When the sandalwood paste had been ground Tara scraped it off the shiny stone tablet with her fingers and poured it into a small silver bowl. But she could not remember the next step of the ritual. It was not a simple loss, Tara feared, this forgetting of prescribed actions, it was a little death, a hardening of the heart, a cracking of axis and centre. But her mother came quickly with the relief of words.
(The Tiger’s Daughter, 51)
She begins to rethink over the validity of her identity. The only place she would find pleasure was The Catelli-Continental Hotel on Chowringhee Avenues and she spends much of her time in that hotel with her friends. Many parties, many teas and many dinners were hosted in the honour of Tara’s return by her friends. At first Tara looks forward to these parties but later the
conversations of her friends aggravated her discomfort and unease in her marriage burdening her heart. It seemed to her that by marrying a foreigner she had committed all the seven deadly sins:
In India she felt she was not married to a person but to a foreigner, and this foreignness was a burden. It was hard for her to talk about marriage responsibilities in Camac Street; her friends were curious only about the adjustments she made.
(The Tiger’s Daughter, 62)
Tara notices a lot of change in her surroundings and feels agitated at the lack of seriousness in the group of her friends. Everybody wants to hear about her experiences in America. In this scenario, she misses David excessively. Though she writes to David regularly, she fails to communicate her feelings to him because:
It was hard to tell a foreigner that she loved him very much when she was surrounded by the Bengal Tiger’s chairs, tables, flowers and portraits. How can she describe in an aerogramme the endless conversations at the Catelli- Continental, or the strange old man (Joyonto Roy Choudhury) in a blazer who tries to catch her eye in the cafe, or the hatred of aunt Jharna or the bitterness of slogans scrawled on walls of stores and hotels.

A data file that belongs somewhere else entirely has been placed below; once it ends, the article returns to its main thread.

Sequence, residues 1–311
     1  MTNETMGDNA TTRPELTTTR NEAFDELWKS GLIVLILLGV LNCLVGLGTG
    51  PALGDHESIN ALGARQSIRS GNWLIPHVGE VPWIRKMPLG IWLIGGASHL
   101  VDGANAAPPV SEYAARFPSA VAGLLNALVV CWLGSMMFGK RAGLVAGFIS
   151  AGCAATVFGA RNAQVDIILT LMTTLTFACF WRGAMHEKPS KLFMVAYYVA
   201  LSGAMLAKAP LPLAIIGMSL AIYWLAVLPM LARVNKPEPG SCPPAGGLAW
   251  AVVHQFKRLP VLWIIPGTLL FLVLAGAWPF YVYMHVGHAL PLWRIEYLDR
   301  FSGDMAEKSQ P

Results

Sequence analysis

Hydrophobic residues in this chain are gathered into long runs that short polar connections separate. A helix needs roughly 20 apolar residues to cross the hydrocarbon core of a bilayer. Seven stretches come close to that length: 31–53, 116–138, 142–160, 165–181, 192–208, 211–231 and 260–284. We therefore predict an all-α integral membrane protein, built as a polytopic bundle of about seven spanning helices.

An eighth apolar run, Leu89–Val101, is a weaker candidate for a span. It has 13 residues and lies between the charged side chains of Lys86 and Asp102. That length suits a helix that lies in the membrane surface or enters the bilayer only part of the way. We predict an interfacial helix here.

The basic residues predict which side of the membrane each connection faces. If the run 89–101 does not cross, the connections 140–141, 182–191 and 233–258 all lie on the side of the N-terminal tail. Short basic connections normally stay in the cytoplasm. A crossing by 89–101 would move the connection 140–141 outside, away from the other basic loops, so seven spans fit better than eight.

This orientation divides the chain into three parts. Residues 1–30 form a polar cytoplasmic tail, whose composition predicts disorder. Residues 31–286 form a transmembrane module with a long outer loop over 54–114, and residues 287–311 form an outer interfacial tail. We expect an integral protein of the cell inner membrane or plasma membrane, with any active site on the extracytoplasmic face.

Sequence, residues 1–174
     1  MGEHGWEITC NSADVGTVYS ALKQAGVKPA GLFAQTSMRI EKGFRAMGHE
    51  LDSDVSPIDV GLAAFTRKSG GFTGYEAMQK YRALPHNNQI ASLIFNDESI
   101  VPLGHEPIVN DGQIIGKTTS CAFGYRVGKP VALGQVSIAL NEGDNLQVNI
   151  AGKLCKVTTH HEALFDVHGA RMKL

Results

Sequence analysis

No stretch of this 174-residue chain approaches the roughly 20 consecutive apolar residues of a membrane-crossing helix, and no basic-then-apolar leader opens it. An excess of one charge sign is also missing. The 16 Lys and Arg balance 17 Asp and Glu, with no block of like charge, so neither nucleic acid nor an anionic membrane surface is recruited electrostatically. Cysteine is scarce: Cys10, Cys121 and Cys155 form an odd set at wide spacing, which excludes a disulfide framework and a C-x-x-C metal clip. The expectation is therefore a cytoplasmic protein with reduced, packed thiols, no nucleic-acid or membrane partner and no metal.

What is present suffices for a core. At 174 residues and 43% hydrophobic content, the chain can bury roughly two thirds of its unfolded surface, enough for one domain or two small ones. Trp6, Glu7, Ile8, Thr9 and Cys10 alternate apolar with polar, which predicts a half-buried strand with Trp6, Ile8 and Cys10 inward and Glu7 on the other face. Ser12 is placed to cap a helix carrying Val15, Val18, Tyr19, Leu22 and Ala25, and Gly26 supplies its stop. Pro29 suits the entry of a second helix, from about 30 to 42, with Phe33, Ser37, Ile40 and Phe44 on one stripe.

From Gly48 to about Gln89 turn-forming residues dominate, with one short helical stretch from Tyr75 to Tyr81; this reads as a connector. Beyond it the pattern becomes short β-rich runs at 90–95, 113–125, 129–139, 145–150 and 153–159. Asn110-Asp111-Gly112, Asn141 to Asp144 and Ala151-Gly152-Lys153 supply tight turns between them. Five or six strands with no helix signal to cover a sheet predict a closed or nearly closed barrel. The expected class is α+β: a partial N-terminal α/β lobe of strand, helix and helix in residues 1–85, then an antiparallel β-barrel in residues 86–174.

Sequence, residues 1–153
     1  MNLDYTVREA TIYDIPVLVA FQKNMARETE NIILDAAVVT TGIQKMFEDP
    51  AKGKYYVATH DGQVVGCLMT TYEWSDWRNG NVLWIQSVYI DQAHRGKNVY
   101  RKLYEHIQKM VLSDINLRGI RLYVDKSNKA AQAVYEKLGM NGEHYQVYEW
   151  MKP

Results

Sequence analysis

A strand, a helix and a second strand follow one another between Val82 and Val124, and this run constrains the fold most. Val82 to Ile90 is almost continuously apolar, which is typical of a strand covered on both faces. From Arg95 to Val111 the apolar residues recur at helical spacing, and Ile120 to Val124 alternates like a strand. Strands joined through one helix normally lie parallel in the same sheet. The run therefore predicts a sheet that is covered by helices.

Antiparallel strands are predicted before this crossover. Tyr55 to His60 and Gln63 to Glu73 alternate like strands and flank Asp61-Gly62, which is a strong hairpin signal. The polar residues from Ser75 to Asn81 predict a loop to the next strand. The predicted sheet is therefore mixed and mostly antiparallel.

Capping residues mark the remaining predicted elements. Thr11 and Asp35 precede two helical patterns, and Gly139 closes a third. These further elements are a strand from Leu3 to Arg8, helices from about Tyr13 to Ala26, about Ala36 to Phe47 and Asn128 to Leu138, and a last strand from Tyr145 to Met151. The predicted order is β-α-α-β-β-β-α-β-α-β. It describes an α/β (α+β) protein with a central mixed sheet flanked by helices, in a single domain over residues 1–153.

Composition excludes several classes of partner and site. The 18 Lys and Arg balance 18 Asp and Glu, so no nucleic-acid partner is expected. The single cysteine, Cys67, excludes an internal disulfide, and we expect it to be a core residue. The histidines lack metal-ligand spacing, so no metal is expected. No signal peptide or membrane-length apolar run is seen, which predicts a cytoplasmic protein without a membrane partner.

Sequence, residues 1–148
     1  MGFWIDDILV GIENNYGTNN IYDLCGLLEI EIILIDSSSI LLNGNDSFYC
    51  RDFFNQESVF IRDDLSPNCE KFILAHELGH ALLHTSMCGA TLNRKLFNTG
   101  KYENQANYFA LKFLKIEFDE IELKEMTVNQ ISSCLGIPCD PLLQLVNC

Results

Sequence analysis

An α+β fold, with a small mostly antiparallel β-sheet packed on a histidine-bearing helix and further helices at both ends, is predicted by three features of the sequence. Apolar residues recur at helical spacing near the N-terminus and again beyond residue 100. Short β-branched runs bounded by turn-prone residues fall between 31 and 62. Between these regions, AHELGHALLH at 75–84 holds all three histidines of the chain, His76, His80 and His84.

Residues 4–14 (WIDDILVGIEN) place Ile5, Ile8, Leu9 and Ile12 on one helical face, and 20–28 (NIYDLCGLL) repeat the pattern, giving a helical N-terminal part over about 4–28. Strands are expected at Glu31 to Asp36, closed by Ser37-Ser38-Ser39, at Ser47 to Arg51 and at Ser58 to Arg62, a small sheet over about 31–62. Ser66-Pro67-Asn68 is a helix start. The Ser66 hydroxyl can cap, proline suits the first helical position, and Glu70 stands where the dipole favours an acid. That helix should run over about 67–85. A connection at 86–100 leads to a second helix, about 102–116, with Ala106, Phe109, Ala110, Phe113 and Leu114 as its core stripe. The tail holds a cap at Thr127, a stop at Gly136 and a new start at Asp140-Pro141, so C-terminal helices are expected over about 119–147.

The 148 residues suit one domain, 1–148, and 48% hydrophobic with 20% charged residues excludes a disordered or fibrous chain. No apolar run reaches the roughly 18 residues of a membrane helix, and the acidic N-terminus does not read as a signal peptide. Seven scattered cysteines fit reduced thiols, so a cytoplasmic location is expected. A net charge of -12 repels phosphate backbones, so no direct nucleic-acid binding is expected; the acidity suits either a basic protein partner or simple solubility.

(The Tiger’s Daughter, 63)
Tara visits a funeral with Joyonto Roy Choudhury the owner of a tea estate in Assam. There she had an encounter with a Tantric who asks her hand for forecasting but she misunderstands his intentions and thinks that the man needs bakshees. This misunderstanding again shakes her belief in her identity. Joyonto Roy shows her the vast compound of Tollygunge which is now occupied by the refugees:
Tara was bewildered by her first view of the large and dusty compound. She thought if she had been David she would have taken out notebook and pen and entered important little observations. All she saw was the obvious goats and cows grazing in the dust, dogs chasing the friskier children, men sleeping on string beds under a banyan tree. Children playing with mud beside a cracked tube well. Rows of howels and huts.